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Scholz v. United States

United States District Court, E.D. Wisconsin

June 7, 2018

BOBBIE JO SCHOLZ, Plaintiff,
v.
UNITED STATES OF AMERICA, Defendant.

          DECISION AND ORDER

          WILLIAM E. DUFFIN, U.S. MAGISTRATE JUDGE.

         On March 6, 2018, Bobbie Jo Scholz filed a motion to compel.[1] (ECF No. 22.) Scholz seeks an Order compelling Defendant to answer:

1. Plaintiff's First Request for Production of Documents Questions 20-29;
2. Plaintiff's First Request for Admissions, Questions 114 through 123, 125, and Questions 129 through 148;
3. Plaintiff's Second Request for Production of Documents Questions 3 & 4;
4. All documents subpoenaed on February 1, 2018;
5. All records identified by Ms. Brahm during her recent deposition;
6. Pharmacy records of medication interactions-kept in the pharmacy computer program at the Tomah VAMC;
7. VA police records of incidents-kept in Tomah VAMC police department;
8. Records of the Senate Investigation with all testimony- on a CD kept at the Tomah VAMC and in VISN office; and
9. All computer pharmacy warnings and medication alerts from Plaintiff's treatment that were not produced in Defendant's May 2017 disclosures.

         (ECF No. 22 at 16.) At Scholz's request, the court gave her an opportunity to supplement her motion to compel. (ECF No. 32.) Scholz did so. (ECF No. 34.) However, Scholz's supplement almost exclusively addresses a different issue: whether Noelle Johnson may testify as an expert witness. She even asks that the court “issue a protective order for Dr. Johnson's unfettered expert testimony at the trial of this case.” (ECF No. 34 at 6.) But that request was not included in her initial motion, and it is improper to raise it in a supplemental brief. The court finds that the supplement does not materially impact Scholz's motion to compel.

         Factual Background

         According to her complaint, Bobbie Jo Scholz served in the United States Army from 2006 to 2008. (ECF No. 1, ¶ 13.) After discharge she was treated for mental health related issues at the Tomah, Wisconsin Veterans Affairs Medical Center (Tomah VAMC) and hospitalized there from January 10 to February 9, 2011, and from March 3 to March 31, 2011. (ECF No. 1, ¶¶ 14-15.) Upon her discharge from inpatient care at the Tomah VAMC on March 31, 2011, she was prescribed 14 medications and placed on daily outpatient home health monitoring. (ECF No. 1, ¶ 16.) Her complaint further states:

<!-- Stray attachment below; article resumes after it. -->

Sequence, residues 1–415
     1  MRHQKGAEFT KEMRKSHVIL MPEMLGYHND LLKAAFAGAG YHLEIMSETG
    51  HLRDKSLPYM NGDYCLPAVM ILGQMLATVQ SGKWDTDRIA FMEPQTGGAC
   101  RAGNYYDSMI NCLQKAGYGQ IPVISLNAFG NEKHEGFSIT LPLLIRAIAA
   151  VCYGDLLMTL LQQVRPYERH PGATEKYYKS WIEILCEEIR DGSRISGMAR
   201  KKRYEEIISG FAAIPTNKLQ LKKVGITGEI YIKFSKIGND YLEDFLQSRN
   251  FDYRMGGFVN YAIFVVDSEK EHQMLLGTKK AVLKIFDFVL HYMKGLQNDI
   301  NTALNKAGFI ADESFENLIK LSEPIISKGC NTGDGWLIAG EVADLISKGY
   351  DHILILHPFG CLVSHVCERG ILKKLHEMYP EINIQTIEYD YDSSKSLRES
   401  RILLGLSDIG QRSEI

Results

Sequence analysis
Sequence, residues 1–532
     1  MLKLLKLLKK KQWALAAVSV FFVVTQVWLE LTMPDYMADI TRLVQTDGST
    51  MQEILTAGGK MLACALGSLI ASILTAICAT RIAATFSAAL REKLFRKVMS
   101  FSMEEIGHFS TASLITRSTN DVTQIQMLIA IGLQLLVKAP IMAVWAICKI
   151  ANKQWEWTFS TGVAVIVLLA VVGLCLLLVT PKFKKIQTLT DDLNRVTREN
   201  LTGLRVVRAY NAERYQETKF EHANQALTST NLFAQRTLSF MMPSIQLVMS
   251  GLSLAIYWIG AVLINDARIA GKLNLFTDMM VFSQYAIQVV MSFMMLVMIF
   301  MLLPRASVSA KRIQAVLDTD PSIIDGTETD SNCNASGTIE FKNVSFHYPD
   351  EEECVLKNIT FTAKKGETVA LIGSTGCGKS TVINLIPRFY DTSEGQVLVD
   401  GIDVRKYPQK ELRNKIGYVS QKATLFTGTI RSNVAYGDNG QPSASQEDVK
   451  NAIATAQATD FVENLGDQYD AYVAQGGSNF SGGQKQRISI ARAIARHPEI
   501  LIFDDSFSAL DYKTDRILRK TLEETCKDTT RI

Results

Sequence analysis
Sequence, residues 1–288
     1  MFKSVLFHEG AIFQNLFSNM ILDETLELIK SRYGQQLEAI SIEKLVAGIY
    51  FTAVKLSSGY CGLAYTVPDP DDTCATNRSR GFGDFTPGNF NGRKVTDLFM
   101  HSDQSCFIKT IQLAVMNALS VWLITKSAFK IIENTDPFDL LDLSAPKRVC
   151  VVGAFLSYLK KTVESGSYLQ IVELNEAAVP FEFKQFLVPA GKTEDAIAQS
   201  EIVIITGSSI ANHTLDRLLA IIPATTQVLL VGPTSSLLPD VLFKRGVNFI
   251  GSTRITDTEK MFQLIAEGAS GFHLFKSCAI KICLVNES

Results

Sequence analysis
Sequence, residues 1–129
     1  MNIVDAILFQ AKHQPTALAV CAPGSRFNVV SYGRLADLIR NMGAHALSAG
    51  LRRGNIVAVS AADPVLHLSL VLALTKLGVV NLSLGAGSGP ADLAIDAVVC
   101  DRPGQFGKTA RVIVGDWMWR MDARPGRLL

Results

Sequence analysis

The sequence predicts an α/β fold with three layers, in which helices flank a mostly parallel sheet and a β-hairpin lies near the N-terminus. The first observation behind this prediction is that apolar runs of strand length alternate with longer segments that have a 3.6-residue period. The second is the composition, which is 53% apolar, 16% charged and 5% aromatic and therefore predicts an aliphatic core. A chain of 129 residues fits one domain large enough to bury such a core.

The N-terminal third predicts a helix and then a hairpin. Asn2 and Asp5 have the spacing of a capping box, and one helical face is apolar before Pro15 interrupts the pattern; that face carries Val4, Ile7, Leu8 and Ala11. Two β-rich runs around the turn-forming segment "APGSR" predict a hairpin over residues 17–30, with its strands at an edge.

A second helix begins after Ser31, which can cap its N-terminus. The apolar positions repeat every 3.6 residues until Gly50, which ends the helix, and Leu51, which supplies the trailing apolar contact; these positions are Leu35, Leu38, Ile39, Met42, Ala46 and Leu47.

Throughout the remainder of 2011 and early 2012, Tomah VAMC nurses monitored Scholz' continuing and worsening mental health symptoms that included trouble focusing, loss of motivation, loss of interest in daily activities, high level of depression, decrease in cognitive status, loss of interest in activities, on-going confusion and anxiety, inability to concentrate with even simple daily tasks, and severe symptoms interfering with her ability to function and maintain independence in the community.
On December 14, 2011 health care providers at the Zablocki VAMC verified that Scholz was now taking 16 active medications and despite her diminished mental status obtained Scholz' signature on a consent form for bilateral breast reduction surgery.
On December 22, 2011, a psychological assessment performed at the Zablocki VAMC confirmed Scholz' high level of anxiety, post traumatic stress symptoms, and significant functional and cognitive deficiencies.

         (ECF No. 1, ¶¶ 17-19.)

         Scholz underwent elective breast reduction surgery at the Zablocki VA Medical Center (Zablocki VAMC) in Milwaukee on January 6, 2012. (ECF No. 1, ¶ 20.) Scholz alleges that, contrary to hospital policy, the operating surgeons did not receive her informed consent prior to the surgery. (ECF No. 1, ¶ 20.) Scholz's medications and mental health status allegedly were not considered by the Zablocki VAMC surgeons prior to Scholz's surgery. (ECF No. 1, ¶ 21.)

         Following surgery, Scholz suffered from persistent painful open wounds that were subsequently diagnosed as staph infections. (ECF No. 1, ¶ 25.) These and other complications resulting from the surgery led to four additional surgeries over the next two years. (ECF No. 1, ¶ 26.)

         First Requests for Production

         In her reply in support of her motion to compel, Scholz withdrew her request for the court's review of Request Nos. 22, 23, and 25 in her First Request for Production of Documents. (ECF No. 25 at 2.) The remaining disputed requests for production are:

20. All documents of investigations of the Tomah VAMC and/or any of its employees conducted by or at the direction of the Department of ...

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